Herman Cain wrote his treatise late last year. It's just beginning to get some play now. His central theme is that Jesus, the Perfect Conservative, was killed by a liberal court. His reasoning is this:
Jesus did not use government in his efforts to heal the sick, or to help the poor and the needy. Therefore he was a conservative.
Since he was a conservative, those who opposed him must be liberals. The Jewish Sanhedrin which condemned him certainly opposed him. Therefore they were liberals.
- Hence, Jesus was ordered executed by a liberal court.
He helped the poor without one government program. He healed the sick without a government health care system. He feed the hungry without food stamps. And everywhere He went, it turned into a rally, attracting large crowds, and giving them hope, encouragement and inspiration.
For three years He was unemployed, and never collected an unemployment check. Nevertheless, he completed all the work He needed to get done. He didn’t travel by private jet. He walked and sailed, and sometimes traveled on a donkey.
That transitive reasoning, one questionable step after another, reminded me of Muhammad Ali in his separatist days. He was invited on a talk show, and that is where he revealed why white people were the natural enemies of black people.
He didn't mention slavery. Jim Crow was under attack in those days, having been outlawed. It still existed informally but in full lethal force. He didn't talk about that. He was in and out of court over his refusal to join the armed services and go to Vietnam, Vietnam claiming a disproportionate number of young black men. Nope. It wasn't that, or the lack of black people in high places, or the brutality of municipal authorities or widespread poverty or employment or housing or much of anything you might expect.
It was more simple.
Black and white are opposites.
Opposites are opposing.
Those opposing are in opposition.
Those in opposition are adversaries.
Adversaries are enemies.
White people are the enemies of black people.
Cain type logic was passed over like Israelis in Pharaoh's Egypt before he got into major league politics. Back in Godfather days, it would have been kind of cute.
Nothing is better than eternal salvation.
Godfather's Pizza is better than nothing.
So Godfather's Pizza is better than eternal salvation.
See how it works?
It's a kind of easy staging a Cain mutiny these days. He is a pro-life pro-choice advocate who firmly believes that government should outlaw abortion, defining life as beginning at conception, and should not interfere with a woman's right to choose whether to abort a pregnancy. Abortion, and contraception, should always, always, always, be against the law but women should break the law without government telling them not to.
So pushing back against Herman Cain is not an exercise requiring great agility. In this case it only requires just a little time dwelling in scripture.
The Sanhedrin had no authority to order an execution and they did not, although they did go through a well choreographed dance of begging Roman authorities to kill the upstart. Liberal and conservative considerations in the modern sense did not exist in those days, although Jesus had one or two harsh things to say about wealthy people. There was a conflict about literalism, and Jesus was no literalist concerning scriptural law. Jewish leaders were understandably motivated by issues of personal and national survival. It is expedient "that one man die for the people, and that the whole nation not perish."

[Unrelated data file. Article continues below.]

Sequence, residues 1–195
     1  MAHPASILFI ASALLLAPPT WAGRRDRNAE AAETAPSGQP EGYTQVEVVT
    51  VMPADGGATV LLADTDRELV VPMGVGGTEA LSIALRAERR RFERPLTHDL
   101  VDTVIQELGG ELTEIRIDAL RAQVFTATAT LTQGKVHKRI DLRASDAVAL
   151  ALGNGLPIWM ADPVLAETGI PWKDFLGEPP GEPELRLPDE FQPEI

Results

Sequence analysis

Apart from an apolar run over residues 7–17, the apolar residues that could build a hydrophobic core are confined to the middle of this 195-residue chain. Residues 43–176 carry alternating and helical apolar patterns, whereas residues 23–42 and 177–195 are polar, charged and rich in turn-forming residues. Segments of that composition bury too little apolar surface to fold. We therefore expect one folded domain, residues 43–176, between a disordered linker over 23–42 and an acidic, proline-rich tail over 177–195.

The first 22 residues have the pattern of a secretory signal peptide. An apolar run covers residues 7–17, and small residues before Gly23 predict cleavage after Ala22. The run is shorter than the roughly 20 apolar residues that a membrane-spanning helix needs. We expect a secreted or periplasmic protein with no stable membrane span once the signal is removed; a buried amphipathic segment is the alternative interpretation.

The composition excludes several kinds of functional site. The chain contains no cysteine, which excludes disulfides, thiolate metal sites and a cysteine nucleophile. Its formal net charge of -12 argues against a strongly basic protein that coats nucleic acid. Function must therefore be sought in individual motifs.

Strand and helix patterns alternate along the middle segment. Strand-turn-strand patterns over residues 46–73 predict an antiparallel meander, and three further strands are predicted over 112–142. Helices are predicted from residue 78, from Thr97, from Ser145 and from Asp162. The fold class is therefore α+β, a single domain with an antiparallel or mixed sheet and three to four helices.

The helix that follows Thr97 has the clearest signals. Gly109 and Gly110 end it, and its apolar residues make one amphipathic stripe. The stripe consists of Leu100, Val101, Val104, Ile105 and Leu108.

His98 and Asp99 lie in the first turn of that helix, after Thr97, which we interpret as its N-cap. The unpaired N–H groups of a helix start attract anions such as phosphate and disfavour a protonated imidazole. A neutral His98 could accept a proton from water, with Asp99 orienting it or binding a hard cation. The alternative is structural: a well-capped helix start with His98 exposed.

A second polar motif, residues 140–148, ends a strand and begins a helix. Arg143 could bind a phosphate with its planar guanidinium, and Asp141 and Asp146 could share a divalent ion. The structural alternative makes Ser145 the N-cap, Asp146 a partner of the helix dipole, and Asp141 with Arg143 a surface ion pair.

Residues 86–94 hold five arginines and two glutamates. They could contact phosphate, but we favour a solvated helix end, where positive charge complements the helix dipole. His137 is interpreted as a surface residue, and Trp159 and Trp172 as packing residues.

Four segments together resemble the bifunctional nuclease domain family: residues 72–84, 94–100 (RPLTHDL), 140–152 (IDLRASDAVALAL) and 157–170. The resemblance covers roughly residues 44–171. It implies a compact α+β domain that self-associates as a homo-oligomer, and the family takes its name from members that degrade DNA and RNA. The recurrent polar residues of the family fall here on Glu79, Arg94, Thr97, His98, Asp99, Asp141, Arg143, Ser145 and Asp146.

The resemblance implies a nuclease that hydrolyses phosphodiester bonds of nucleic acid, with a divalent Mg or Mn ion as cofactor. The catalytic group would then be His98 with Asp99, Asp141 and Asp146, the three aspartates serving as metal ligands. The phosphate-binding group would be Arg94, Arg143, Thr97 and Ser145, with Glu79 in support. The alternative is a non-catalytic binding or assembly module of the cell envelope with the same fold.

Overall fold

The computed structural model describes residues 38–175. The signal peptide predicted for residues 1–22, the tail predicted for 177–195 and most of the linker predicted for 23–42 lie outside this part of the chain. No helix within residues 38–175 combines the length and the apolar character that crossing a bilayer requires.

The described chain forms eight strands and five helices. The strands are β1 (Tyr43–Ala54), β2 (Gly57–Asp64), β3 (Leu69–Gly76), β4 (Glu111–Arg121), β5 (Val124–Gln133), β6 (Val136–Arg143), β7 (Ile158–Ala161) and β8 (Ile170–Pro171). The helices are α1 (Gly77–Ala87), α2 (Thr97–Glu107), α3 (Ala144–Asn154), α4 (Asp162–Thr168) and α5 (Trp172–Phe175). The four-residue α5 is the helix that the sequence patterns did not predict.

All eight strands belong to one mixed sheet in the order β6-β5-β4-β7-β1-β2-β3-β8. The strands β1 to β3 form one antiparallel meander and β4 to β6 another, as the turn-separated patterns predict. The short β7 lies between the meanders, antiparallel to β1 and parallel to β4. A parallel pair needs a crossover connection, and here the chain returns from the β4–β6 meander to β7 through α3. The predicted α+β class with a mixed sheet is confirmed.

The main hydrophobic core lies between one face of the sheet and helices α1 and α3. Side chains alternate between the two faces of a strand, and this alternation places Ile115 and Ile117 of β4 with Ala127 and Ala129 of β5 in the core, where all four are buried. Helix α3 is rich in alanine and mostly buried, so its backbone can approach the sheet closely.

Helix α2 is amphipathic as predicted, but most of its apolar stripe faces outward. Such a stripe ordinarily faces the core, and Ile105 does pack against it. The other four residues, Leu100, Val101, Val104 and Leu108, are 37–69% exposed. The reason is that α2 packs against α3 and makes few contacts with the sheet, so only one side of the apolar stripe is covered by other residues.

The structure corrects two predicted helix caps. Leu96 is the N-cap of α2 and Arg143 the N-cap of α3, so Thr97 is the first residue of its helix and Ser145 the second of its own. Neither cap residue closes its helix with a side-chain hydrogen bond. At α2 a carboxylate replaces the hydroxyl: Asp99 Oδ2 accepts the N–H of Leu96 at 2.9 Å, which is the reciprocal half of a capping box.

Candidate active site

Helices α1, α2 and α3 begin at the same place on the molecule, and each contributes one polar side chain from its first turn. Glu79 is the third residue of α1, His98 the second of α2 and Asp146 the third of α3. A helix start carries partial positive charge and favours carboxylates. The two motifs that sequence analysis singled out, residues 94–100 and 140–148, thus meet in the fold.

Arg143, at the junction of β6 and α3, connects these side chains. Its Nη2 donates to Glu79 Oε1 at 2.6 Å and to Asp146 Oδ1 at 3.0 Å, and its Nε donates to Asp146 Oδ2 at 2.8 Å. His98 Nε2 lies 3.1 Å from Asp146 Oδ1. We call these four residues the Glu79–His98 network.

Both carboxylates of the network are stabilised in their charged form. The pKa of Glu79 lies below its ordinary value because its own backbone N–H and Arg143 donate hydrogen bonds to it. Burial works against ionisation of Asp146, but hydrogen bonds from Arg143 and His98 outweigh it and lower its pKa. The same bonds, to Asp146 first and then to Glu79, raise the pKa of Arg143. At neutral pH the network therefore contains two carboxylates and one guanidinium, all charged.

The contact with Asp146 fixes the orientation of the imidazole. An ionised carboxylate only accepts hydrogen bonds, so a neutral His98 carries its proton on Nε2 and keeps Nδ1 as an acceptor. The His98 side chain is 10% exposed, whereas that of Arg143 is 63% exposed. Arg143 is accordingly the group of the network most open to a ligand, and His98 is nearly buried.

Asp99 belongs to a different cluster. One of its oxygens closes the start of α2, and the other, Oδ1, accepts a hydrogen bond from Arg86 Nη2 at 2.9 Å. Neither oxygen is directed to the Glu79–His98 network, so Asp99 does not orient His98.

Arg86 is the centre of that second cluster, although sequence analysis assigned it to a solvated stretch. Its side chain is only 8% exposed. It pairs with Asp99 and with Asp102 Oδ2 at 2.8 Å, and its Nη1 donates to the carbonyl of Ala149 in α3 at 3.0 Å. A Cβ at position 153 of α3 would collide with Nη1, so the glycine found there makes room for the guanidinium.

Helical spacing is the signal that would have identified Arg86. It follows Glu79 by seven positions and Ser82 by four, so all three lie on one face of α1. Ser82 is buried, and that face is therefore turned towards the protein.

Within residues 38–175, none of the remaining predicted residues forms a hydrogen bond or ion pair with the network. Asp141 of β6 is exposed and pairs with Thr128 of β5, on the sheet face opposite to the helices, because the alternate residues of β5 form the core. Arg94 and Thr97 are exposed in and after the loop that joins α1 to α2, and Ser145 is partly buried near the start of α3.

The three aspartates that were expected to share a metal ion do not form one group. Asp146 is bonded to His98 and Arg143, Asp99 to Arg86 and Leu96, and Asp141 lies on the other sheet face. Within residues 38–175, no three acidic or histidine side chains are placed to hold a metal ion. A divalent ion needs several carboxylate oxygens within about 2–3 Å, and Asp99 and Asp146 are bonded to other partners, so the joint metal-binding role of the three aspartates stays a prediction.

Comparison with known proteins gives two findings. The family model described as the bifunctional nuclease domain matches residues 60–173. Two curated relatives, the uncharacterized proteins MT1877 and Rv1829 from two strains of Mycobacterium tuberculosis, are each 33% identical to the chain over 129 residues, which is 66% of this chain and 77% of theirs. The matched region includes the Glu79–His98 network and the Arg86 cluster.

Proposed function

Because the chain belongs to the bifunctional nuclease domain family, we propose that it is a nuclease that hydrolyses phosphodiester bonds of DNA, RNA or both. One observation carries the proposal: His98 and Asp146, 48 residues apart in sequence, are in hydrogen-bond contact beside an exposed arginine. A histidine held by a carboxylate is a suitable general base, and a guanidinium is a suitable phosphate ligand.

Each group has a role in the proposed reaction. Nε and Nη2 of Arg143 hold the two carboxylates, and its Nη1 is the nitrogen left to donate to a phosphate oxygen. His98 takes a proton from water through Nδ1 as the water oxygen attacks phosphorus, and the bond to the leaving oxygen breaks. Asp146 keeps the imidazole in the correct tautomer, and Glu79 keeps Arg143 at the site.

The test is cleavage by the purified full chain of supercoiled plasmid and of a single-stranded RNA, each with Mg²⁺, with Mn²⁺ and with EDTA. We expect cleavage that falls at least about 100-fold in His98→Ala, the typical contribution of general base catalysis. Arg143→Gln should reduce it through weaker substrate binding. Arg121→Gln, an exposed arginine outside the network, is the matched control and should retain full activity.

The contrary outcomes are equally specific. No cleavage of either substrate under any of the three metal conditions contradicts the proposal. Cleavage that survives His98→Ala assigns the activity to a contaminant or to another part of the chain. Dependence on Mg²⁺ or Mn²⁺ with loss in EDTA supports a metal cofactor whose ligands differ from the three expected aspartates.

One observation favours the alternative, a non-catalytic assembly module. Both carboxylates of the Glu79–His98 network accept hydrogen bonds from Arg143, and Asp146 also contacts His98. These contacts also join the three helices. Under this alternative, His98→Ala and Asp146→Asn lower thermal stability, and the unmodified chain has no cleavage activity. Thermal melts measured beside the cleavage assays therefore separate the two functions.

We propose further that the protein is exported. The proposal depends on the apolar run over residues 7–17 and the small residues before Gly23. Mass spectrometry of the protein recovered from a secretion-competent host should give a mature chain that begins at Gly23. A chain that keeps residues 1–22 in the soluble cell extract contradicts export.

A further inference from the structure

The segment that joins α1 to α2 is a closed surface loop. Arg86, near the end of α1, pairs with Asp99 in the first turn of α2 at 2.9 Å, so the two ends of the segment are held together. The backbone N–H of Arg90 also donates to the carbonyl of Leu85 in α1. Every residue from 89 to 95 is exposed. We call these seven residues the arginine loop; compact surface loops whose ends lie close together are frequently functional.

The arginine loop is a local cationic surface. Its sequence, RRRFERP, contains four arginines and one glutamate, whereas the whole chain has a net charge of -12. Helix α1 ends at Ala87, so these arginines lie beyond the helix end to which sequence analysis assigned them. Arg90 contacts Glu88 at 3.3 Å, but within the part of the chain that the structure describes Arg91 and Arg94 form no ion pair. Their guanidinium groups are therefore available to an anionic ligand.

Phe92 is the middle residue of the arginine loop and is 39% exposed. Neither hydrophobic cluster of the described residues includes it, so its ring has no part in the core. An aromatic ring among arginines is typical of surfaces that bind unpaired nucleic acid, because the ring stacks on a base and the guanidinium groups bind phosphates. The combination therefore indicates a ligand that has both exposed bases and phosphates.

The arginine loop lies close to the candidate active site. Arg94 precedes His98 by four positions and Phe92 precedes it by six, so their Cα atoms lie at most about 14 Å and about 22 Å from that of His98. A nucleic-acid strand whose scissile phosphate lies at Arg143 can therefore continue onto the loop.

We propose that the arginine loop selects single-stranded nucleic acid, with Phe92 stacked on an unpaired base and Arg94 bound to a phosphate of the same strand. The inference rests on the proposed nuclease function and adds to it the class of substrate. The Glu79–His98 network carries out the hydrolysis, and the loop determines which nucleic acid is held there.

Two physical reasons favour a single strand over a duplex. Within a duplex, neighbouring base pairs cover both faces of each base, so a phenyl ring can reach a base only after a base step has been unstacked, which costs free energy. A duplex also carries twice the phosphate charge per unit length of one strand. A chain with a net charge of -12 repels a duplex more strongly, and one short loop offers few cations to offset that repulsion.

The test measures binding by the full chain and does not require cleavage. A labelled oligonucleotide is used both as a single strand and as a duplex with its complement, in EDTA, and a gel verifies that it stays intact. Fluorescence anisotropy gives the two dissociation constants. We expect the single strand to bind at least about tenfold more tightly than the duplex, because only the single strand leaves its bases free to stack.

When it comes to clear thinking, Cain is not able.
See what I did there?
But Cain's reasoning does provide a useful example of a few conservative preconceptions (so to speak).
One is that liberals are pro-big-government. Liberals are, for the most part, indifferent to government. They - we - simply want to see certain urgent issues of suffering and pain alleviated. Those who are down on their luck should have minimal needs met, and sometimes helped to their feet. If that takes government, we are all for it. If it can be better done privately, we're for that.
The fact that the Bill Clinton Foundation provides a helping hand to many people, providing a chance to advance themselves in economic life, and does it outside of government, does not make Bill Clinton a conservative.
However, there is a sort of natural sympathy that many of us believe God places on our hearts, and that Jesus carries in his message to us. The Book of Isaiah seems like a sort of blurred dividing place in Biblical law. Not a point, exactly, not a clear and bold line. But a transition of sorts. Our perception of God becomes less like a master issuing death penalty enforced orders, and more as a guiding spirit in our hearts.
Some call it the Holy Spirit. I kind of like that.
It is what keeps us from cheering at the thought of a sick man dying for lack of medical care. It keeps us from booing a defender in the armed forces, one putting his life on the line for us, jeering at him because of his sexual orientation. It even sickens us at the thought of possibly executing innocent people.
It makes us hesitate about proclaiming to others, or even telling ourselves, how God will vote in the next election.
Or that Jesus is a conservative, perfect though he would have to be.
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